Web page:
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I want to be able to do conditional connect() based on either I started django in testing mode or not.

in my settings.py I use mongoengine connect() method to connect to my database but the problem is that I don't want to do that if I ran manage.py test

Is there any way I can check if settings.py is being imported from tests or not, some flag maybe.

something like if not IN_TESTS: connect()

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4 Answers 4

up vote 11 down vote accepted

I'm solving this with a custom test runner. Here is an example I based my solution off of: https://github.com/xintron/django-mongorunner/blob/master/mongorunner/testrunner.py

This has the advantage of providing a fresh database for each of your unit tests.

class MyTestRunner(DjangoTestSuiteRunner):

    mongodb_name = 'testsuite'

    def setup_databases(self, **kwargs):
        from mongoengine.connection import connect, disconnect
        disconnect()
        connect(self.mongodb_name)
        print 'Creating mongo test-database ' + self.mongodb_name
        return super(MyTestRunner, self).setup_databases(**kwargs)

    def teardown_databases(self, old_config, **kwargs):
        from mongoengine.connection import get_connection, disconnect
        connection = get_connection()
        connection.drop_database(self.mongodb_name)
        print 'Dropping mongo test-database: ' + self.mongodb_name
        disconnect()
        super(MyTestRunner, self).teardown_databases(old_config, **kwargs)
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Be careful using disconnect/connect. I'm experiencing very strange behavior that could cause contamination of your data. github.com/MongoEngine/mongoengine/issues/566 –  Adam Griffiths Feb 3 at 4:52

While it is possible to do that, it is easier and common practice to have 2 settings files. One possible configuration could be:

You have 2 settings files, lsettings.py that doesn't connect and settings.py that does

from lsettings import *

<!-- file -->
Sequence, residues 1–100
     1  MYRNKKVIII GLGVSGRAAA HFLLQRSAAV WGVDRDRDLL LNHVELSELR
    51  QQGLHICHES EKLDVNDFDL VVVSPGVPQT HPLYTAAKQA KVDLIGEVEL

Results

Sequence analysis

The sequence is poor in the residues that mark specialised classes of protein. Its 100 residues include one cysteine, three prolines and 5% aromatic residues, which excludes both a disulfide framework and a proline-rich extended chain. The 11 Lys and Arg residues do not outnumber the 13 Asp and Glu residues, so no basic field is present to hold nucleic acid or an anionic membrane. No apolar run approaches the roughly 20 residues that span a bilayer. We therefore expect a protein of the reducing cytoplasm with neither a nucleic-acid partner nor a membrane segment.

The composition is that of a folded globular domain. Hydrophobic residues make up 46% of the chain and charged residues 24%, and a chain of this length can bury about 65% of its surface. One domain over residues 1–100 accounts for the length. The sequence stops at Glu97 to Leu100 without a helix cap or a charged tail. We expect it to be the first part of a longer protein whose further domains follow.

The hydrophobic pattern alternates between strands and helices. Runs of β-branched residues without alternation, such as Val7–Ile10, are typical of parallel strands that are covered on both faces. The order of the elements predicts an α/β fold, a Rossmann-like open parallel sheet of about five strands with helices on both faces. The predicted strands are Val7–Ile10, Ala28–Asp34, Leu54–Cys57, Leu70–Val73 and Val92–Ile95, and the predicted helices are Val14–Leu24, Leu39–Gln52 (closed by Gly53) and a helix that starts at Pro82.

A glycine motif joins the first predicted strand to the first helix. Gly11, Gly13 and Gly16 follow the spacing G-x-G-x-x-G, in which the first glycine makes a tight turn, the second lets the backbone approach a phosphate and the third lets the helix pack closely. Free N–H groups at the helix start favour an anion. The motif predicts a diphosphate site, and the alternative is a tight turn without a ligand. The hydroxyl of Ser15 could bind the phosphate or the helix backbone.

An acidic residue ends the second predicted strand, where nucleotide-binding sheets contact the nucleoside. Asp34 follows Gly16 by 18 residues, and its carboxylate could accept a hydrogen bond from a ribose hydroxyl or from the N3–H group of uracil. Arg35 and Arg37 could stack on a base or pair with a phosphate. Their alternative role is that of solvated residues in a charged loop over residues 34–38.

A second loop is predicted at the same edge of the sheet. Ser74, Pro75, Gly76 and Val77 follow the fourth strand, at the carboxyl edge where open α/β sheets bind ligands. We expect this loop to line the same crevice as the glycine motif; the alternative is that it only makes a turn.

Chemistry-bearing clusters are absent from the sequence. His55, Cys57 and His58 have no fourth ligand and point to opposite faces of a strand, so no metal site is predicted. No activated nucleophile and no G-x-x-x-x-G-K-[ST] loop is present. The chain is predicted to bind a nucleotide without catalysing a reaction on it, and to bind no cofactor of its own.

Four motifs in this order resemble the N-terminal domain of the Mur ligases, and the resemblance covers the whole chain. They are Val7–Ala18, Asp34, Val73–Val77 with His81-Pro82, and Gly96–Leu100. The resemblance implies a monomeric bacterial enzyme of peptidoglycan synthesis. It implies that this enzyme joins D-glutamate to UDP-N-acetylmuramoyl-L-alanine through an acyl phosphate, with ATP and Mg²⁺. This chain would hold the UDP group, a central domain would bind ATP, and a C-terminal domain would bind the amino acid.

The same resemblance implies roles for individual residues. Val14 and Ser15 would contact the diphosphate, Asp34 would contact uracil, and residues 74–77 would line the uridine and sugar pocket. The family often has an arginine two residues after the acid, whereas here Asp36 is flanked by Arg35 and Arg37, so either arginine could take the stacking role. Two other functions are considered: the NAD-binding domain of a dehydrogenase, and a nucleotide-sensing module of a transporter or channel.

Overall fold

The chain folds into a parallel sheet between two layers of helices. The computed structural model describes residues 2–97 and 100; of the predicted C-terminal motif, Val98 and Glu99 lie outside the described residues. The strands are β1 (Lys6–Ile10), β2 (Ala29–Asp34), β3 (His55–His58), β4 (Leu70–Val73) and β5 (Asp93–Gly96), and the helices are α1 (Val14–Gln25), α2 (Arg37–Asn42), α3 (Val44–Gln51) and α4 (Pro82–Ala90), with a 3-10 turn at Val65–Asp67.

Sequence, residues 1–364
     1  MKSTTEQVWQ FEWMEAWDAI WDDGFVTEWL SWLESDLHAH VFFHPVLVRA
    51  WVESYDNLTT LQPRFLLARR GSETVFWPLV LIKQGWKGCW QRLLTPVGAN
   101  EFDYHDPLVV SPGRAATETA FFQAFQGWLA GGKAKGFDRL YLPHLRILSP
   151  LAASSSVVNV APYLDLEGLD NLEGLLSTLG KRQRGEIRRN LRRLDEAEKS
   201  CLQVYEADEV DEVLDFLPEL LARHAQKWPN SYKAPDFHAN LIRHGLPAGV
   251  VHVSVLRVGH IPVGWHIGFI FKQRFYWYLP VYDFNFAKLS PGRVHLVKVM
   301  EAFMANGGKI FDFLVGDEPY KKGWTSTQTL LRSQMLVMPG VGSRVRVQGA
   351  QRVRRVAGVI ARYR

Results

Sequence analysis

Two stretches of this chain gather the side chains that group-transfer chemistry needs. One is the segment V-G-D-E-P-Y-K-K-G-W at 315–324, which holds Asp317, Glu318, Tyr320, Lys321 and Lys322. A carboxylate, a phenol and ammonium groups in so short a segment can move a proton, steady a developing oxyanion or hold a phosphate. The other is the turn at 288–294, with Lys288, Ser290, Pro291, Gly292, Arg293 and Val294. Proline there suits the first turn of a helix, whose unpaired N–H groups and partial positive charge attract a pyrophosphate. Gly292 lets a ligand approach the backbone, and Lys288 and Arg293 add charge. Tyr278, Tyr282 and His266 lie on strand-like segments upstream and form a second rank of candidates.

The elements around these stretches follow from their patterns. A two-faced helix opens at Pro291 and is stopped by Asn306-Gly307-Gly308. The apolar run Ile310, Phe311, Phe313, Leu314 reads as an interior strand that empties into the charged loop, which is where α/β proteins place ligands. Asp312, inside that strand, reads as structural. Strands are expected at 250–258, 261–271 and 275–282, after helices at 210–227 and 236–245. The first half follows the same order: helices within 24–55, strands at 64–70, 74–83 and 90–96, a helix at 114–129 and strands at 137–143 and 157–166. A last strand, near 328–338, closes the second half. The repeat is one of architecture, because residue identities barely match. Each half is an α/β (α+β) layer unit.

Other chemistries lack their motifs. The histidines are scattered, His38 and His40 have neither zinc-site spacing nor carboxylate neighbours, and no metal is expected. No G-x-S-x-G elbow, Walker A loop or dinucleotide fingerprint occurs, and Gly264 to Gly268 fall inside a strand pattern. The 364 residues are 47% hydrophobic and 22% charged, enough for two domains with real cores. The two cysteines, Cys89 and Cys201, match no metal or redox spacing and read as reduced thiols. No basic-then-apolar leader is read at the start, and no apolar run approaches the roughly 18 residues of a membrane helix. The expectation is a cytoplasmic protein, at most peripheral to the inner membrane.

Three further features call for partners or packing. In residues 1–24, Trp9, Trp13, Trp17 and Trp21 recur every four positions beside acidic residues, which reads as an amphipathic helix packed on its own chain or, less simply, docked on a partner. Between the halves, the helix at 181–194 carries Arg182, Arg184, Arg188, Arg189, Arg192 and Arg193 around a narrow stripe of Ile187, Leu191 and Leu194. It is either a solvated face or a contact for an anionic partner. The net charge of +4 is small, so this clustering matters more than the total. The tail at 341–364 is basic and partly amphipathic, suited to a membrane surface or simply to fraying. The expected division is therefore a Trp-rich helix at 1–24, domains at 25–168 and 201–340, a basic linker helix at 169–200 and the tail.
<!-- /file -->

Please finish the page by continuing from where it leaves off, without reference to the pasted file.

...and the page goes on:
mongodb.connect()

So, while locally testing you can:

python manage.py test --settings=lsettings

And it doesn't connect.

tl;dr: It is easier to manage configuration differences by having multiple configuration files that import each other conditionally rather than trying to have conditional parameters within the same settings file. YMMV.

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I'm not sure it's completely foolproof, but I use the fact that in a test, you will have probably started it from the command line with ./manage.py test, so 'test' is one of the command-line args. So this works:

import sys
if 'test' not in sys.argv:
    mongodb.connect()
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I posted an alternate solution that provides a fresh mongo db for each unit test. I've used the technique you listed in other cases, but this case seems best solved in a testrunner. –  Gattster Apr 16 '12 at 23:57

What I do is use register_connection, and then mock the connections on test.

In the file that I define the Mongo Documents I have this:

import mongoengine
from django.conf import settings

mongoengine.register_connection(
    'default', settings.MONGOENGINE_DB, **settings.MONGOENGINE_CONNECTION)

Then in the tests I use the mock library to change the behave of connections (it would be possible too to mock one of the functions on the connection sub module like get_db) like this:

connections = patch.dict(
    mongoengine.connection._connections, {'default': None})

dbs = patch.dict(
    mongoengine.connection._dbs, {'default': {
        'your_collection': None,
        'another_collection': None,
        }})

dbs.start()
connections.start()

insert = patch.object(mongoengine.queryset.QuerySet, 'insert')
insert_mock = insert.start()

...

insert_mock.assert_called_once(...)
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